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It was a full 20 minutes after the race and still Julie Jenkins was barely able to talk. Standing in the athletes' tent, she finally lifted her eyes toward the ceiling - and sobbed. "It's all over," she said, her voice breaking. "Except the emotion."

For the moment, her Olympic dreams were over. Running in the finals of the 800-meter run in the U.S. Olymic Track and Field Trials Monday night in Indianapolis, Jenkins, one of the pre-race favorites, finished fifth - two places and two seconds away from making the U.S. Olympic team. She had seemed to be in such good position to strike with only 200 meters to go, poised as she was on the outside shoulder of the leader, Kim Gallagher. But midway through the turn Jenkins faded, and with 150 meters to go she knew she was finished, that she couldn't go with the leaders. She tied up in the homestretch and finished in 2:01.62.Gallagher, the 1984 Olympic silver medalist, was the winner, setting a meet, stadium and personal record of 1:58.01 in the process. Delisa Walton-Floyd was second in 1:59.20, Joetta Clark third in 1:59.93 and Debbie Marshall fourth in 1:59.97, thus marking the first time four American women have run under two minutes in the same race.

"I tried," said Jenkins, her eyes filling with tears again. "I just wish I had more to give."

It was a bitter defeat for Jenkins, the 1987 NCAA champion from BYU and Plain City. She had dedicated the last seven months almost entirely to this single race. She moved to Colorado to train under Joe Vigil, worked part-time in a sporting goods store, moved in with her sister's family, slept on a rollaway couch and, at one time when money was tight, lived on bread and milk. Her spartan existence and singlemindedness paid off. In Jenkins' nine races before the trials (including two qualifying rounds), she had walked away a winner eight times and twice ran under 2:01.

In the Olympic trials Jenkins cruised through the first two rounds to land a spot in the final. And then, after one long sleepless night, she found herself lining up in lane 7 for the start of the biggest race of her life. At the sound of the gun, Jenkins went with the leaders, just as she had vowed to do, but the early pace seemed foolhardy. Essie Washington, Floyd and Gallagher hit 200 meters in 26.7, with Jenkins close behind. Washington, Marshall and Jenkins split 56.15 at 400 meters, with Jenkins running wide in the outside half of the lane, as she would the entire race. It was a pace that would finallytake its toll in the homestretch.

Jenkins and Gallagher bolted as they hit the backstretch, a move Jenkins would later regret. "I was too emotional with 300 meters to go," she said. "I was too excited. I should have been more patient." Midway through the turn, Floyd, Marshall and Clark caught Jenkins and Gallagher, and as they entered the homestretch Jenkins began to fade.

"I guess I wanted it too badly," said Jenkins, and then she apologized as she began to cry softly again.

Even in despair, however, Jenkins hadn't lost hope. Shortly after the race, she decided to compete in the 1,500-meter run, an event she has run only rarely (not since the '87 NCAA outdoor meet). She had entered the 1,500 at the meet's outset in the event things went awry in the 800. She'll be a long-shot in the longer race, but perhaps her Olympic hopes aren't finished yet.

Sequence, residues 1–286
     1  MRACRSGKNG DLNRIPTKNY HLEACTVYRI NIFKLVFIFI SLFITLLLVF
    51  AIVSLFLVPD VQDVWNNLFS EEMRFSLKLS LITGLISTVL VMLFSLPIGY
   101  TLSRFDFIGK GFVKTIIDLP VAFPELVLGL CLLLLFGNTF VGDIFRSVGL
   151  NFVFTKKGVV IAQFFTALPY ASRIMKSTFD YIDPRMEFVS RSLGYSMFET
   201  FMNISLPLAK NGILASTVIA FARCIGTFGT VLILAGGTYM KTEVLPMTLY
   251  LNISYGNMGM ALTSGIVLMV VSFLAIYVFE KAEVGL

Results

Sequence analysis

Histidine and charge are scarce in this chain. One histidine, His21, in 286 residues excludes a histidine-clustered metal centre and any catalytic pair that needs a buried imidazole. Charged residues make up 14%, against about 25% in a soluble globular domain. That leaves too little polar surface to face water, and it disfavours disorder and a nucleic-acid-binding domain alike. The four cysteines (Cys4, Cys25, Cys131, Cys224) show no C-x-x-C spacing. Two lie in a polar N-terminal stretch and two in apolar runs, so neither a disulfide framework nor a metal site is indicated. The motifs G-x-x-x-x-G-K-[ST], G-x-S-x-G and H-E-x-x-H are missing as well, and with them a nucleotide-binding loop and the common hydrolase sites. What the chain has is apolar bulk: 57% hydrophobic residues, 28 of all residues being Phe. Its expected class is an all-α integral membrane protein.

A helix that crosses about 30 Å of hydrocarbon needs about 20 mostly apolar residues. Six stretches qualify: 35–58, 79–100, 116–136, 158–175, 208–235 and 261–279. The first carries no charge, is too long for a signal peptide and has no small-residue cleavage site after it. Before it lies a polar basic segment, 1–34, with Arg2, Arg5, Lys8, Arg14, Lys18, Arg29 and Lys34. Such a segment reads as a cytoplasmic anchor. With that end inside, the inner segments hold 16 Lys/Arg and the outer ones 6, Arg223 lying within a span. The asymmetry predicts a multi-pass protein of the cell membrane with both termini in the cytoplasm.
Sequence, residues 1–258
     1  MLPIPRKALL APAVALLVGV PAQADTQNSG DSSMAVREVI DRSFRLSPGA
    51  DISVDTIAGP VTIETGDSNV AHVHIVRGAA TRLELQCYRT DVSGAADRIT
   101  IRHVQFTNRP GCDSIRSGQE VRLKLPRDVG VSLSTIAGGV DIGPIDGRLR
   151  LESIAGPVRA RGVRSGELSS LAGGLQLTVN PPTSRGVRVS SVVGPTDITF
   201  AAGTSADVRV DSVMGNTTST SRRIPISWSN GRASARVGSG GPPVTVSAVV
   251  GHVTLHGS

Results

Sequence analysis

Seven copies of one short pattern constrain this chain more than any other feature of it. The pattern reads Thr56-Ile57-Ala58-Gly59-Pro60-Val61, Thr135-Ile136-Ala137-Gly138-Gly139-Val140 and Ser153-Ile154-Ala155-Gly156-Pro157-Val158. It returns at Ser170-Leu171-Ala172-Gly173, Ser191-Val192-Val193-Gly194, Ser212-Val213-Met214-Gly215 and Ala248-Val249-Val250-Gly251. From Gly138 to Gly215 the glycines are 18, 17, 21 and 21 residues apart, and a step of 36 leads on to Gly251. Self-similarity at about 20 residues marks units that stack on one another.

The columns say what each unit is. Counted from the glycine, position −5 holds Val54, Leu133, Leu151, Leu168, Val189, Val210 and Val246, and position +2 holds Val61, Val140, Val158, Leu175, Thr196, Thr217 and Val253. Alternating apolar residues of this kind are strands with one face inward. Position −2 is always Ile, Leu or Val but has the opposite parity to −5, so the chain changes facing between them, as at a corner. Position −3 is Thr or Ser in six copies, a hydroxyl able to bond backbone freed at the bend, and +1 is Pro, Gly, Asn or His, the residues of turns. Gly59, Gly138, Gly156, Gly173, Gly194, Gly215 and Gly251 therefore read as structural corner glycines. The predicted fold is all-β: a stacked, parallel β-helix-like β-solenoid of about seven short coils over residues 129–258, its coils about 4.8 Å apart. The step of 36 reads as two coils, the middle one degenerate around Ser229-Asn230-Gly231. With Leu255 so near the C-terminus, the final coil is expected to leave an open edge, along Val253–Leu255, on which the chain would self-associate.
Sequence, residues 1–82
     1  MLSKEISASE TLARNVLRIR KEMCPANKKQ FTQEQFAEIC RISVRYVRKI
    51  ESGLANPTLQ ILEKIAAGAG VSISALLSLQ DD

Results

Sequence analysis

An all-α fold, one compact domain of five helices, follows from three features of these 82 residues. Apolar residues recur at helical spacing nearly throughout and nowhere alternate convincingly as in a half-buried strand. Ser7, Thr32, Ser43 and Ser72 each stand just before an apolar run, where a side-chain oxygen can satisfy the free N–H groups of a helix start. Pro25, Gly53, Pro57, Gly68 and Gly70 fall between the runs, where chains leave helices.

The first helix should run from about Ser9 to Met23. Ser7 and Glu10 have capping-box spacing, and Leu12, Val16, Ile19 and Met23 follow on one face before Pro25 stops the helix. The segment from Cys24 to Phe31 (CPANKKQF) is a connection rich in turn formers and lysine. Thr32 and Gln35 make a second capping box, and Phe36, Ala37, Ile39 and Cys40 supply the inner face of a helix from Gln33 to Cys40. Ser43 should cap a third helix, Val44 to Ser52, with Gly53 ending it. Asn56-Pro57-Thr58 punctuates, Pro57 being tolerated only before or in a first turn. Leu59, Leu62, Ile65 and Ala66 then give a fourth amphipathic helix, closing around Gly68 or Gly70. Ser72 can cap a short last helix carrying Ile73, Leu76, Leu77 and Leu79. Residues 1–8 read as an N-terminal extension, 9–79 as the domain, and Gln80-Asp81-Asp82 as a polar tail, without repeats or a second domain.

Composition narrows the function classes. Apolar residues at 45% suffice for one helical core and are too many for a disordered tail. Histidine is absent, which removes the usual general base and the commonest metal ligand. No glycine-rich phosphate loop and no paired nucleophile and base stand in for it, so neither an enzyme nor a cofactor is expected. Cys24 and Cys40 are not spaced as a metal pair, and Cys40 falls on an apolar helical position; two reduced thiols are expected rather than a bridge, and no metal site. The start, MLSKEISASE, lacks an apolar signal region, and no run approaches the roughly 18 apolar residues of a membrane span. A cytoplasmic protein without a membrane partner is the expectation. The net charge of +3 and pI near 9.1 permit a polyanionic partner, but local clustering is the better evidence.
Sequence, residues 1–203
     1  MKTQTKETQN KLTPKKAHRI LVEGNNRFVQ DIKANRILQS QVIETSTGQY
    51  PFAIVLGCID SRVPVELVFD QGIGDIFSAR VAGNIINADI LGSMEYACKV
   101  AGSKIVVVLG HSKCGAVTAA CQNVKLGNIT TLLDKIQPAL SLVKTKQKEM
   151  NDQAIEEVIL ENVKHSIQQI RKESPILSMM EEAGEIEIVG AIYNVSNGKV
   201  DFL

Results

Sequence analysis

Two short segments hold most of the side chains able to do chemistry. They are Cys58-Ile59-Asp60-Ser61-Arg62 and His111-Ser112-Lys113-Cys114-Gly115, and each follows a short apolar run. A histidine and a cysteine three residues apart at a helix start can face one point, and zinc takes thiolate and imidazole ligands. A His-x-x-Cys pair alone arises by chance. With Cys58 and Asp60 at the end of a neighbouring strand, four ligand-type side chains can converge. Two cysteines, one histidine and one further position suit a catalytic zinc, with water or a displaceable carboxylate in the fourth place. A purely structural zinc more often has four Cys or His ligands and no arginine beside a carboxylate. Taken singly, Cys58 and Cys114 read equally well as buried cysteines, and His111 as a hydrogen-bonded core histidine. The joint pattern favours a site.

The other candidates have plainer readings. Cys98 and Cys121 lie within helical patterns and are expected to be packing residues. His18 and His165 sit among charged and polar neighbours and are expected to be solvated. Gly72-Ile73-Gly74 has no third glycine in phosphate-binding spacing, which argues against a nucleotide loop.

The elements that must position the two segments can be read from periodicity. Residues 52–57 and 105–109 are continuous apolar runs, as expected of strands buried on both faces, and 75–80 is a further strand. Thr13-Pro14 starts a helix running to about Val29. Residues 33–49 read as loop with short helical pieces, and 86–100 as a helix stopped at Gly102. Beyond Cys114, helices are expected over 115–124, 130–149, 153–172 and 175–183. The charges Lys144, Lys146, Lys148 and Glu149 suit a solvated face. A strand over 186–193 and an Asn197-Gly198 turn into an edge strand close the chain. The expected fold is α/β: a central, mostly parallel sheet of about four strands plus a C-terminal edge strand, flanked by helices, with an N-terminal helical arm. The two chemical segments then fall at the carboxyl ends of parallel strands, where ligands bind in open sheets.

Jenkins wasn't the only Utahn to suffer a narrow miss on Monday night. Niki Nye, the former Roy High School and Weber State student-athlete, finished fourth in the javelin with a throw of 181-0 - which left her exactly three feet behind third-place finisher Lynda Sutfin and a berth on the Olympic team. And then there was Teri Okelberry, the Weber High graduate who will be a senior at Weber State next year. After barely qualifying for Monday's finals, Okelberry finished sixth with a throw of 174-10. Not bad for a slender 5-foot-8, 122-pound heptathlete who might well become a middle-distance runner next year.

It was a night for near misses, but Henry Marsh, the three-time Olympic steeplchaser from Bountiful, had no such luck. Pulling into the stadium parking lot an hour before his first-round race, he got in a minor car accident. Leaving his wife, Suzanne, to deal with the wreck, Marsh ran off to warm up for his race, which he navigated better than he did his rental car. Running last for the first three laps, as always, Marsh gradually worked his way through traffic for the next 41/2 laps and easily qualified for Wednesday's semifinals. He finished sixth in his heat with a time of 8:42.19.

Just behind Marsh, in seventh and eighth, respectively, came two more BYU products - Ted Mecham (8:42.33) and Steve Chipman (8:42.61). A fourth Utah collegian, Paul Henderson, formerly of Weber State, wasn't as fortunate. He finished last in his heat with a time of 9:11.08 and had to be helped off the track.

For Marsh, the two-time defending Olympic trials champion, it was business as usual. "I felt fine," he said. "If you have trouble in the qualifying rounds, you're in trouble."